5. Provides an option for part detection in exiting applications that eliminates potential problems experienced in certain metal forming applications where photoelectric sensing solutions aren’t performing optimally.
A Two-Out Die with Metallic Chute
A Two-Out Die with Metallic Chute

Not every Part Exit/Part-Out application is the same and not every die, stamping application, vintage of equipment, budget for sensing programs are the same. But it’s important to remember in the world of stamping, to try as consistently as possible to think application specificity when using sensors.  That is, putting the right sensing system in the right place to get the job done and to have as many technical options available as possible to solve application needs in your own “real world” metal forming operation.  We believe the UHMW + Super Long Range Inductive System is such an option.

You can learn more in the video below or by visiting www.balluff.us.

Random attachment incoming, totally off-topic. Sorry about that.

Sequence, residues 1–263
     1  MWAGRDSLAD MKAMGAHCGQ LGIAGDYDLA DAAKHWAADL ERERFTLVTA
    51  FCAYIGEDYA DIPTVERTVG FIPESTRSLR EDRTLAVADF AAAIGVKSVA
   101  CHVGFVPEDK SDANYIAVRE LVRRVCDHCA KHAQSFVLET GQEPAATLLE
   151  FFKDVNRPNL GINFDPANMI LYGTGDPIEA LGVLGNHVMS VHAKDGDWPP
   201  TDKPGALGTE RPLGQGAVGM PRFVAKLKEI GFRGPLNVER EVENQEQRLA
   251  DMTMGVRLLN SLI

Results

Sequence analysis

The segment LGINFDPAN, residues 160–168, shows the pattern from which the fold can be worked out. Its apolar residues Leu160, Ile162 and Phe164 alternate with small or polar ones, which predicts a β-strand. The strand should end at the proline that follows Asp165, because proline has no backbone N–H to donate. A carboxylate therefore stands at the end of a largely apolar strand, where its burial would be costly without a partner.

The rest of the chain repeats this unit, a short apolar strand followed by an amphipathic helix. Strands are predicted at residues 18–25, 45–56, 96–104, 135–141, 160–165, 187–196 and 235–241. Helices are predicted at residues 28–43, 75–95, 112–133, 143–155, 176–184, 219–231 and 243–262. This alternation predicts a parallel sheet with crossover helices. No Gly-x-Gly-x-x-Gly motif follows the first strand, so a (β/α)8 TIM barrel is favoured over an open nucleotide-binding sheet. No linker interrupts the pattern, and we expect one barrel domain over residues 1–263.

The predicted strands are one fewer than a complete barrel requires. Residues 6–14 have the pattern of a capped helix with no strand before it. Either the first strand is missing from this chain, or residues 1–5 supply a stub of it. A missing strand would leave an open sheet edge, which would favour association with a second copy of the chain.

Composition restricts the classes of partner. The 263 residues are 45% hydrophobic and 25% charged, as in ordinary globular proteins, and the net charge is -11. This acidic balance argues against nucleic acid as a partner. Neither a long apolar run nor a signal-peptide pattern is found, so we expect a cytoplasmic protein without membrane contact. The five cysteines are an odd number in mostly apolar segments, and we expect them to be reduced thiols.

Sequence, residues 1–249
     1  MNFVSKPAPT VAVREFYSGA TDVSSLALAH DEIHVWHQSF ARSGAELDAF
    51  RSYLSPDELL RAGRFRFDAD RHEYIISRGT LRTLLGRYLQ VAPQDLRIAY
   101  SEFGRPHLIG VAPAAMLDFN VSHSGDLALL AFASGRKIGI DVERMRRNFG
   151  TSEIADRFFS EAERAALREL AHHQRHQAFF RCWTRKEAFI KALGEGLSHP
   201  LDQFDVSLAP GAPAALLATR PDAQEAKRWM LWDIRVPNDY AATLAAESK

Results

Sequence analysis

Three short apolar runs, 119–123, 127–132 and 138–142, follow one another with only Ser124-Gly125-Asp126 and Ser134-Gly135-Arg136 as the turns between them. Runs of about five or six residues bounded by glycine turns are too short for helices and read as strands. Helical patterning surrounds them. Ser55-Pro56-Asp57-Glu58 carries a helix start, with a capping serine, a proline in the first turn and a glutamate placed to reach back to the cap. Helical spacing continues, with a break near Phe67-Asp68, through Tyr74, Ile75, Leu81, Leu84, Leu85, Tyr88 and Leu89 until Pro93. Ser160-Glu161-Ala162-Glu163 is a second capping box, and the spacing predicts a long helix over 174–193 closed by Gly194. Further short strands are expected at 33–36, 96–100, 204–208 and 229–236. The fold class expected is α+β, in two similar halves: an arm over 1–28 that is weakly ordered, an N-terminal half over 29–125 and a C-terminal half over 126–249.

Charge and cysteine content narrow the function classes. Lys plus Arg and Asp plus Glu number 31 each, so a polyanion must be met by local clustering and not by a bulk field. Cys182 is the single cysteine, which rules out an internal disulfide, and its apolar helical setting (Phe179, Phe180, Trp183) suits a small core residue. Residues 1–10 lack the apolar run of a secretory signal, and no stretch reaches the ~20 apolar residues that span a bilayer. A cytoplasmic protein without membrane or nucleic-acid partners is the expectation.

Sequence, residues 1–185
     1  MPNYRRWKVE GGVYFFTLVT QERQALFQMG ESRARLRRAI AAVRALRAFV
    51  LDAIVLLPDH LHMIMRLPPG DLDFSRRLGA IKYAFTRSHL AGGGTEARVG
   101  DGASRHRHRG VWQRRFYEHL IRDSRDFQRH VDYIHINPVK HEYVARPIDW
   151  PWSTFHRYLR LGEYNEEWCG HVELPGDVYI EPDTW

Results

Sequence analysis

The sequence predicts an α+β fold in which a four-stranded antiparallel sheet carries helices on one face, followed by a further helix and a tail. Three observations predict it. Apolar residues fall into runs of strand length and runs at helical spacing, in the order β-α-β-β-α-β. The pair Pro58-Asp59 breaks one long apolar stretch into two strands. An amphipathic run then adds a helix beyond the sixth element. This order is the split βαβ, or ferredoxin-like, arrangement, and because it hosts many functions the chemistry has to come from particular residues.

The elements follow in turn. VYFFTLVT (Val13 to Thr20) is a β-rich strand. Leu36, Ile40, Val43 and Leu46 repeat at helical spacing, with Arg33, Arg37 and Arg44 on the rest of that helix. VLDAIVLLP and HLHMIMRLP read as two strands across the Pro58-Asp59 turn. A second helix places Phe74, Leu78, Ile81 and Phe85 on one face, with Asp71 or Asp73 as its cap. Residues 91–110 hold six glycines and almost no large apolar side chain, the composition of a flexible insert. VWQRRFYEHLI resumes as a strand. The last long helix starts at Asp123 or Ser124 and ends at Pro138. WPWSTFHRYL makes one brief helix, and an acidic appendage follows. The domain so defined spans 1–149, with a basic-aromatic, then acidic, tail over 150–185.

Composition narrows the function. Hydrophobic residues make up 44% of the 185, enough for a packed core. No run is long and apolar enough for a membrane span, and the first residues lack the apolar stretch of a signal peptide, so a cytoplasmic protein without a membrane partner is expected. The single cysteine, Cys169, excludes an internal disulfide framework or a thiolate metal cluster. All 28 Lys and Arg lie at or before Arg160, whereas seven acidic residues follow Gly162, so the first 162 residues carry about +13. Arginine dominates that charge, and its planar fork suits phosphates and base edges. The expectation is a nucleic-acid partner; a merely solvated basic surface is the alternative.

Proximity Sensor Switching Distances

operating-distance
Diagram showing the relationship between the various operating distances of an inductive proximity sensor.

When looking at a data sheet for an inductive proximity sensor, there are usually several different specifications listed with regard to the switching distance (or operating distance). Which of these various specifications really matter to someone trying to use a prox sensor in a real-world application? How can a specifier or user decide which sensor is going to work best in their situation?

Fortunately, there is an international standard that defines sensor switching distances and spells out test methods to assure that sensor specifications from product to product and even manufacturer to manufacturer can be directly compared “apples to apples.”

This standard is IEC 60947-5-2 Low voltage switchgear and controlgear – Part 5-2: Control circuit devices and switching elements – Proximity switches.

Operating (switching) distance s